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West Virginia Day

West Virginia Day 2020

West Virginia Day is moving online this year! Please join us on June 20 at 10:00 AM.

Keynote speaker Anne W. Effland, retired from a 30-year career as an historian and economist with USDA, will deliver a presentation titled “Country Roads and Small Towns: Tracking West Virginia's Contribution to the 19th Amendment.” Her talk will explore the evolution and national significance in the Woman Suffrage movement in West Virginia.

Effland earned her master’s in history from WVU in 1983 and worked for the WVRHC from 1979 to 1983. She received her doctorate in history from Iowa State University in 1991. Effland has published on the West Virginia women’s suffrage movement and researches rural history.

Closed captioning will be available at the below link. We suggest opening the Zoom webinar in one browser window and closed captioning in another.

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You are invited to a Zoom webinar.

When: Jun 20, 2020 10:00 AM Eastern Time (US and Canada)
Topic: West Virginia Day, WVU Libraries
 
Please click the link below to join the webinar:
https://wvu.zoom.us/j/97241377843 
   

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Webinar ID: 972 4137 7843


WVRHC & WVU Libraries Celebrate

The West Virginia and Regional History Center celebrates West Virginia Day by showcasing its collections. The theme is different every year. Depending on the theme, the celebration may include an exhibit in the Center, a commemorative poster giveaway, a reception, keynote speakers, panel discussions, book signings, readings, and viewings. Information, posters, and exhibits from selected West Virginia Day celebrations can be found on the Exhibits webpage.

About West Virginia Day

West Virginia Day is a state holiday celebrated every June 20 in the American state of West Virginia. The day celebrates the anniversary of the creation of the state as a result of the secession of several northwestern counties of Virginia during the American Civil War.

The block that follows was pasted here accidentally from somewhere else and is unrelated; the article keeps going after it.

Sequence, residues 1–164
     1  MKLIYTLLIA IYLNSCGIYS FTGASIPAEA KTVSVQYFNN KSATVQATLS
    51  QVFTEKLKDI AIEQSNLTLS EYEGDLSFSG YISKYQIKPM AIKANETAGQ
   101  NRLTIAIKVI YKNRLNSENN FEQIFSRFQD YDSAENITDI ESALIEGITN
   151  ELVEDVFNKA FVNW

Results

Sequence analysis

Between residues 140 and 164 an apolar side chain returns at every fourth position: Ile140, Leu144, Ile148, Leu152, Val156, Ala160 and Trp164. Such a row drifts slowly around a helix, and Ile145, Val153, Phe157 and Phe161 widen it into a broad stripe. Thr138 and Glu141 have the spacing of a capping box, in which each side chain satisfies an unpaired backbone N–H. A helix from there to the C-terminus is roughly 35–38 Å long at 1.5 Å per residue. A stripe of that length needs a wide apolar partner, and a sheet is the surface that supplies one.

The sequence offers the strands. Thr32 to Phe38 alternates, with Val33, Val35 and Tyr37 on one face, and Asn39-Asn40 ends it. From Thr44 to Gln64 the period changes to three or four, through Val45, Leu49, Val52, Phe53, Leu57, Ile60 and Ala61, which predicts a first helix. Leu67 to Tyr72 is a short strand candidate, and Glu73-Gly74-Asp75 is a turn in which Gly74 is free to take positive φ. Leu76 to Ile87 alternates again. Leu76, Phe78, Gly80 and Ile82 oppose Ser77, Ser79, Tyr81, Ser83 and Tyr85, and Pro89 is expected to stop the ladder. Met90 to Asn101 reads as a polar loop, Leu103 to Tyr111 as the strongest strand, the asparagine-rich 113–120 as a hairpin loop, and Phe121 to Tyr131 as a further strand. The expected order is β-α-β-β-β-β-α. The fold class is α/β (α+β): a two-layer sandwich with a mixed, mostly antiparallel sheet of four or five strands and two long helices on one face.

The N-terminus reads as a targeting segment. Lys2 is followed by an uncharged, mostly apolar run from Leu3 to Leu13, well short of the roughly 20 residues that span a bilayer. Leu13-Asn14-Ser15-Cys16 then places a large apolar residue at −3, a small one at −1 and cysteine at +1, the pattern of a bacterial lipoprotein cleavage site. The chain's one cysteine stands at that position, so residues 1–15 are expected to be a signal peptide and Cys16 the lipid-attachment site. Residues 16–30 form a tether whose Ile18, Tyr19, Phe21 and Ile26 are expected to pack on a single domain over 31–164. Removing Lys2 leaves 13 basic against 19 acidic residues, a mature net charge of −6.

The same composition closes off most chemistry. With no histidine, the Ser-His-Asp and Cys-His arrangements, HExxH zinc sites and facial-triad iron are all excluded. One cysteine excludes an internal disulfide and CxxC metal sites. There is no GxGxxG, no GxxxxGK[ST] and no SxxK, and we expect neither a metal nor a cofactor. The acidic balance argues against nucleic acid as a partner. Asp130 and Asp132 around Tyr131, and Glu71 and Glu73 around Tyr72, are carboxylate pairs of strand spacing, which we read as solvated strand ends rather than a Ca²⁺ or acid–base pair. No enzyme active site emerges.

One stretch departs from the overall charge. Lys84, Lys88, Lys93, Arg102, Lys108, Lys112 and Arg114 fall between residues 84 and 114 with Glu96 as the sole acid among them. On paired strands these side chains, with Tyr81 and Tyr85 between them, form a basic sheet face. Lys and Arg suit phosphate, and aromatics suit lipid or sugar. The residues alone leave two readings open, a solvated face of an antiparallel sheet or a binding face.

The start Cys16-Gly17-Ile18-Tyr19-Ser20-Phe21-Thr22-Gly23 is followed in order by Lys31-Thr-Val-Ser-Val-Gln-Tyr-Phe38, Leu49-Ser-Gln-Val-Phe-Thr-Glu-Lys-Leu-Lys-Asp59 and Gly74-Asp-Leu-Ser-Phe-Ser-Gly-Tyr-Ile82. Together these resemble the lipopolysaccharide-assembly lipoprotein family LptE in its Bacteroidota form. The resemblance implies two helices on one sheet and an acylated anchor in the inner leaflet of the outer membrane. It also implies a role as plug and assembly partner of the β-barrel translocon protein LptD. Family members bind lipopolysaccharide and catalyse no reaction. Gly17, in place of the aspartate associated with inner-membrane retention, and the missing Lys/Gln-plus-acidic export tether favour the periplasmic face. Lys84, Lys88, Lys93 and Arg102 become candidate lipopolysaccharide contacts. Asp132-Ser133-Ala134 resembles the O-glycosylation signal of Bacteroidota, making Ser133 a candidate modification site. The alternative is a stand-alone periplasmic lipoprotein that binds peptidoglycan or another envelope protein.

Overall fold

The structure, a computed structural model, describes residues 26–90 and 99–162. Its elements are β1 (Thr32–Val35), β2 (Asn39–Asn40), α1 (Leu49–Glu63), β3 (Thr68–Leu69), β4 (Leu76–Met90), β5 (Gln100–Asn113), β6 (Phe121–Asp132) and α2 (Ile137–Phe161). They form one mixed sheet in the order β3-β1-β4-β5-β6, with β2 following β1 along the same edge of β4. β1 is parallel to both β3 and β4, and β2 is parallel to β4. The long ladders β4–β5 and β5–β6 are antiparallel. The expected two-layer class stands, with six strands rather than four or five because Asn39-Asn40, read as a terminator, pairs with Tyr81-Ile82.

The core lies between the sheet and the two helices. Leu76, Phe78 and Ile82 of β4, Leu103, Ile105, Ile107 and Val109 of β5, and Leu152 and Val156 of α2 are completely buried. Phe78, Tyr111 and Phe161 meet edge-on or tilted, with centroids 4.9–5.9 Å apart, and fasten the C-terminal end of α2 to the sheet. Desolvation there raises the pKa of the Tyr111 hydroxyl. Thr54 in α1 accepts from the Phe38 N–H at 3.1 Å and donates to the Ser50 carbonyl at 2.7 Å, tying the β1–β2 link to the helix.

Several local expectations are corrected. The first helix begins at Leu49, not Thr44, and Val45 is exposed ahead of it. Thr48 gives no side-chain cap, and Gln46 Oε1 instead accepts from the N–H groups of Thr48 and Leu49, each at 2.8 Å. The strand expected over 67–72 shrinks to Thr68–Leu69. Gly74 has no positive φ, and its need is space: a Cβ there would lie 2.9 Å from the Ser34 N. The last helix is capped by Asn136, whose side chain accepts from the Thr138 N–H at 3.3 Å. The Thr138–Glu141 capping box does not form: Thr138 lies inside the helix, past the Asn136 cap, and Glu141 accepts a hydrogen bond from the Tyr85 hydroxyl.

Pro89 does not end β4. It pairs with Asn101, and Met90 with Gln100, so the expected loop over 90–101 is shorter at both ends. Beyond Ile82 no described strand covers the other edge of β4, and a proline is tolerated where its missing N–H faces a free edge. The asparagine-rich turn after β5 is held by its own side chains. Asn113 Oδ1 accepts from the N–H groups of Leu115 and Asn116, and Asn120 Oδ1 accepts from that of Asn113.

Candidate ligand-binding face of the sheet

In 1861, as the United States itself became massively divided over regional issues, leading to the American Civil War (1861-1865), the western regions of Virginia split with the eastern portion politically. On June 20, 1863, the western region was admitted to the Union as a new separate state, initially planned to be called the State of Kanawha, but ultimately named West Virginia.

During the Civil War, the Virginia General Assembly in Richmond chose to join the Confederate States of America, much to the chagrin of most of the inhabitants in the trans-Allegheny region of the state who had long expressed their resentment toward the political elites in Richmond. Loyal unionists gradually pushed for the creation of a new state.

In Richmond on April 17, 1861, 30 delegates from the future state of West Virginia voted against the secession of Virginia from the Union. A meeting at Clarksburg recommend that each county in northwestern Virginia send delegates to a convention to meet in Wheeling on May 13, 1861.

During the Second Wheeling Convention on June 11, 1861, delegates adopted "A Declaration of the People of Virginia." The document, drafted by former state senator John S. Carlile, declared that since the Secession Convention had been called without the consent of the people, all its acts were illegal. It further declared the pro-secession government in Richmond void and called for a reorganization of the state government, taking the line that all who adhered to the Ordinance of Secession had effectively vacated their offices. An act for the reorganization of the government was passed on June 19, 1861. On the following day, Francis H. Pierpont was chosen as governor of the "Restored Government of Virginia." The legislature, composed of the members from the western counties who had been elected on May 23, 1861, met at Wheeling on July 1, 1861, filled the remainder of the state offices, completed the reorganization of the state government and elected two United States senators who were recognized by Washington. There were, therefore, two governments claiming to represent all of Virginia, one owing allegiance to the United States and one to the Confederacy.

Williams, J. (2003). West Virginia: A History. Morgantown, WV: West Virginia University Press.

For more information on West Virginia statehood and Civil War history, see this West Virginia Encyclopedia article.